Harvey’s Heroes: What Makes People Step up in Times of Need?
While good-hearted citizens across the country are helping with relief efforts any way they can—whether that's through SoulCycle rides, donating a dollar or two at Starbucks while grabbing some coffee, or sending million-dollar checks to Houston—Texans are putting their lives on the line to save complete strangers. But what makes average people slip into their superhero suits and step up in times of need while others stand by?
"It takes a lot to truly be courageous and heroic. Research shows that even though it seems like an automatic reflex to help in a crisis, it’s actually an extremely complex thought process."
"Those who jump in and help do so for a number of reasons," says Stephanie Parmely, PhD, a California-based psychologist at Mercy Medical Group, a service of Dignity Health Medical Foundation. "They may have benefited from someone else’s heroism in the past or relate to the victim in another personal way. They may have been taught—through school, family, or even the military—to de-emphasize their sense of 'self' and do things for the greater good. At its core, heroism is truly instinctual, passed down through evolution as a behavior that's important for the survival of the species, not just the individuals or their kin."
But, that doesn't mean those who don't help are bad people—they might just think someone else will jump in and help instead.
"Many of us fall victim to something called 'the bystander effect,' a social psychological phenomenon that describes why people don't help in crisis situations if others are around," Parmely says. "In situations like this, we often stand back and assume that someone else will jump in and take on the role of the 'hero' because the presence of others diffuses the sense of personal responsibility. Other times, people are just in a hurry. Studies have pointed to a clear link between this and the tendency to help."
Throughout the devastating damage and flooding from Hurricane Harvey, many good samaritans have gotten involved in relief efforts—some on purpose, and some by total accident. Their courage to step in is inspiring—especially since extreme bravery isn't always second nature.
"It takes a lot to truly be courageous and heroic. Research shows that even though it seems like an automatic reflex to help in a crisis, it’s actually an extremely complex thought process," Parmely says. "Even though the bystander effect suggests that the presence of others prevents us from helping, much of why we do act can be chalked up to simply seeing someone else do something courageous. Often in that situation, mirror neurons in our brain actually activate as if we're being heroic as well, inspiring us to act."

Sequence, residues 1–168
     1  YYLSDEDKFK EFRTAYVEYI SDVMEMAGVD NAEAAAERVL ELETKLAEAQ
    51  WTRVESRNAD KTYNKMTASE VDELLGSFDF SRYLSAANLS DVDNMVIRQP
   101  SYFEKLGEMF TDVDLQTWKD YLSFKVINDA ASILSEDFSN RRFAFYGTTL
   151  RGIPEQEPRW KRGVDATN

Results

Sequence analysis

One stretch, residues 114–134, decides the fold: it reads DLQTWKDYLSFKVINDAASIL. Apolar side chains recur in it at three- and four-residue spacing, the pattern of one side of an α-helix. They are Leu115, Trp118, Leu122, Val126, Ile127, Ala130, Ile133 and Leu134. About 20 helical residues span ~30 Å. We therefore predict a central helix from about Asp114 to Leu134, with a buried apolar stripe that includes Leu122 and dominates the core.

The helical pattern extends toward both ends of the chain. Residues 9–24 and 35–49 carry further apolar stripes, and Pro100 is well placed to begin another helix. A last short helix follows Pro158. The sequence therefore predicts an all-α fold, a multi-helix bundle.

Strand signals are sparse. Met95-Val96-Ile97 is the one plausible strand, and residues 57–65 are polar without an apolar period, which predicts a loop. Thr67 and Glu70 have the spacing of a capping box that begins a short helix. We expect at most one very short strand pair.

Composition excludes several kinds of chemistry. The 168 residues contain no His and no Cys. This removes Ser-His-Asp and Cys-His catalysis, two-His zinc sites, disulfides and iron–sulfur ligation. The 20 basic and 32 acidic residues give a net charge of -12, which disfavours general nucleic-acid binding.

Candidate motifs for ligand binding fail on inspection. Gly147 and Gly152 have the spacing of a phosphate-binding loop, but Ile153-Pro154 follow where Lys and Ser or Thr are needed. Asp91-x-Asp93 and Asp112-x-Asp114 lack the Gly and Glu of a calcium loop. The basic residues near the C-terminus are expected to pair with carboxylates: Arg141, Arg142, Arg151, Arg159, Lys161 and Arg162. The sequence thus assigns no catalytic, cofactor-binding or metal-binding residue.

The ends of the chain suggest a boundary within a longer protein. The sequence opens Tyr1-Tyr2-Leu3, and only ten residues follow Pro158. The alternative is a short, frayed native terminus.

So, what can the world take away from the harrowing (yet inspiring) stories coming out of Texas? The knowledge that everyone has the power to be a hero—cape or not.
"Heroism can actually be taught—some psychologists have actually accomplished this. So as cheesy as it sounds, remember that we all have the capacity to make a lasting difference," Parmely says. "Those helping others in Hurricane Harvey remind us that it's important to trust our guts and 'lean in' to the opportunity to help."
Need some inspiration? Watch these videos of Harvey heroes, from first responders and journalists on the job to everyday people who rose to the occasion.
'GOING TO SAVE SOME LIVES'— Austin Kellerman (@AustinKellerman) August 27, 2017
Heroes converging in #Houston#houstonflood #HurricaneHarvey pic.twitter.com/052ObBBrpx
One man didn't waste any time when it came to hauling his boat from a nearby city to save some lives.
Members of a CNN crew stopped their live report to rescue a man from his sinking truck 🙏https://t.co/RtJifZuorq pic.twitter.com/XXjjpNoIsB— Complex (@Complex) August 30, 2017
In an on-air rescue, a news crew saw a man's truck go into a ravine and rescued him before he was swept away.
When one couple jokingly called Chick-fil-A for some food and a boat, the restaurant manager's husband ended up helping them evacuate their home on the back of some jet skis.
People aren't just risking their lives for other people—they're also rescuing animals trapped in the flood.
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